In contrast, b-blockers can delay the recovery from an insulin-induced hypoglycaemic episode, and are implicated in Raynaud’s syndrome and claudication in these patients. Each class of antihypertensive medication can cause orthostatic hypotension.18

The ultimate goal of treatment is to improve life prognosis, which, for a patient with hypertension and diabetic nephropathy can be a reduction in the 10-year mortality rate of between 20 and 65%.19,20 Use of a diuretic in these patients can lead to excess mortality.19,20 

Practical antihypertensive therapy in patients with diabetes

In practice, all patients with diabetes with blood pressure >140/90 mmHg should be treated with antihypertensives, with the aim of reducing cardiovascular morbidity and mortality. The aim of treatment is a stable blood pressure <140/90 mmHg.

Antihypertensive drugs should also be used in those with persistent borderline hypertension and in those with diabetic nephropathy, even if their blood pressure is normal. Patients should also be instructed, motivated and supervised in nonpharmacological measures.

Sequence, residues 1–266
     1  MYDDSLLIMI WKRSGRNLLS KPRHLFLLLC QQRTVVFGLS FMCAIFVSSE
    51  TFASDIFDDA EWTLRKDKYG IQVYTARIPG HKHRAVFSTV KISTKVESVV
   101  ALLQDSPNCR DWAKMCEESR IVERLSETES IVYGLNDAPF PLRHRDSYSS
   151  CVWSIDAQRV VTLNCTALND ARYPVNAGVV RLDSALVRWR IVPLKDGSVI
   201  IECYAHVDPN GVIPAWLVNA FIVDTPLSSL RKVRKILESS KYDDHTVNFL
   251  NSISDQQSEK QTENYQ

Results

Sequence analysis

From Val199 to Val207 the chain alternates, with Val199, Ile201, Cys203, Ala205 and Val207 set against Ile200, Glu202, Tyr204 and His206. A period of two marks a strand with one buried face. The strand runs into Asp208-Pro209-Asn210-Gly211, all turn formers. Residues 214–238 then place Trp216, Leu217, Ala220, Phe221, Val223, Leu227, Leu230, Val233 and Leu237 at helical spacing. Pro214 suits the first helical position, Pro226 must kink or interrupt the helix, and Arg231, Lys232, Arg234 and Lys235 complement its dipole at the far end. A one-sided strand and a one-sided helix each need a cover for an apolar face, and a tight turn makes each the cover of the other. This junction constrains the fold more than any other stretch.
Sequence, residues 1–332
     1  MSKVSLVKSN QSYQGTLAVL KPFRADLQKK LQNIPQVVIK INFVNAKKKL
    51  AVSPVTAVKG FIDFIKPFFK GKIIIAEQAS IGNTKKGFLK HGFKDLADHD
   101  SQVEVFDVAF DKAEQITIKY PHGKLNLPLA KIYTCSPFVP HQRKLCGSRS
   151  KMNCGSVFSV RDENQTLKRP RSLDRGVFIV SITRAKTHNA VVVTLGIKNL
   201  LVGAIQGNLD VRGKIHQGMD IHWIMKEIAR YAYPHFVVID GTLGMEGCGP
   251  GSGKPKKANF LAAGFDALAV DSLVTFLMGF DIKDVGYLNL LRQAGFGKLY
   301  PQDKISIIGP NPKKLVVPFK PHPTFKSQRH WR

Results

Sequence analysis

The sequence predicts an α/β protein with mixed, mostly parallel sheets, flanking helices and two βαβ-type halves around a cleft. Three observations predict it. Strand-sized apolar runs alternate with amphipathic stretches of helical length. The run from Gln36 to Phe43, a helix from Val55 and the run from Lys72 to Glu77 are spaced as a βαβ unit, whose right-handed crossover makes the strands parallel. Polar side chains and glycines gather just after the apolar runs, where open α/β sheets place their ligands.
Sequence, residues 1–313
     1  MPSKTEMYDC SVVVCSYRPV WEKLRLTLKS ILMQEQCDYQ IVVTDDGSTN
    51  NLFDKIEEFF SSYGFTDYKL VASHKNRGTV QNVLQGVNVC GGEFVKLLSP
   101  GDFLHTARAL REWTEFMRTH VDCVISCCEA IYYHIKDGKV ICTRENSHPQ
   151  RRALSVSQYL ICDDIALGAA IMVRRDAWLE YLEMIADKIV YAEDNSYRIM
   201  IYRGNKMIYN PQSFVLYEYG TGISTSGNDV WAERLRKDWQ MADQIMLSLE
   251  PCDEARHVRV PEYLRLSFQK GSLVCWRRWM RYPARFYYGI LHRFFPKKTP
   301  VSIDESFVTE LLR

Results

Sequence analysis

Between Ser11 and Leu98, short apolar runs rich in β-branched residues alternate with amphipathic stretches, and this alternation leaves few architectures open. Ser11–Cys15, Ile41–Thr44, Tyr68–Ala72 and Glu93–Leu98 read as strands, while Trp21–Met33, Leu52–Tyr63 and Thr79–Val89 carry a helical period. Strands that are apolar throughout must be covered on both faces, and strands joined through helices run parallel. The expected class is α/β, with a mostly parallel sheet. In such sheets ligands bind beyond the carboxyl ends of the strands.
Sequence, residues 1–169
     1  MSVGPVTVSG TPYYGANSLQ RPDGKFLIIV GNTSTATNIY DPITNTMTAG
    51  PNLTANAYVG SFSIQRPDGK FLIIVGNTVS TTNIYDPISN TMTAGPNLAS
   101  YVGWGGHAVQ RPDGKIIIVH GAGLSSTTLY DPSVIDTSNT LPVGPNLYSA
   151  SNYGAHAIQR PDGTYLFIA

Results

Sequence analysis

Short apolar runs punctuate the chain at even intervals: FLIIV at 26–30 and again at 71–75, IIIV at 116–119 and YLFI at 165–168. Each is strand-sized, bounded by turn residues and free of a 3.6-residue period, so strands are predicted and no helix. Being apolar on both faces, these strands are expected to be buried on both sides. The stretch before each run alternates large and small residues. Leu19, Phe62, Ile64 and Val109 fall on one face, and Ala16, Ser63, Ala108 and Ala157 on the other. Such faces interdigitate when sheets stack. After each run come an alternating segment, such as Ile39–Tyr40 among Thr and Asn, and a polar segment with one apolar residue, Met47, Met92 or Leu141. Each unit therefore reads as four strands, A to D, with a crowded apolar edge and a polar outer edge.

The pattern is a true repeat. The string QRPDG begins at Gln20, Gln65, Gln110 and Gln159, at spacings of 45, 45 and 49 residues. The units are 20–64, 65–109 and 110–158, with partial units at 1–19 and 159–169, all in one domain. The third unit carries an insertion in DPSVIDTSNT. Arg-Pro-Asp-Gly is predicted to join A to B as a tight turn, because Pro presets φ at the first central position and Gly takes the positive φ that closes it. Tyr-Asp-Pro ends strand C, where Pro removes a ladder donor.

With the considerations outlined above, the first choice of antihypertensive drug should be an ACEI. When selecting a calcium antagonist, verapamil or diltiazem should be selected, not nifedipine. Serum creatinine, potassium and proteinuria should be monitored. If a diuretic is indicated, a metabolically neutral one should be selected, e.g., indapamide. In resistant cases, an α-blocker, α-methyl dopa or a selective β-blocker could be prescribed.

Is cardioprotection a valid concept in these patients?

Various large-scale studies of ACEI use in patients with heart failure have found a reduction in the rate of recurrent coronary events, reducing both morbidity and mortality.21–23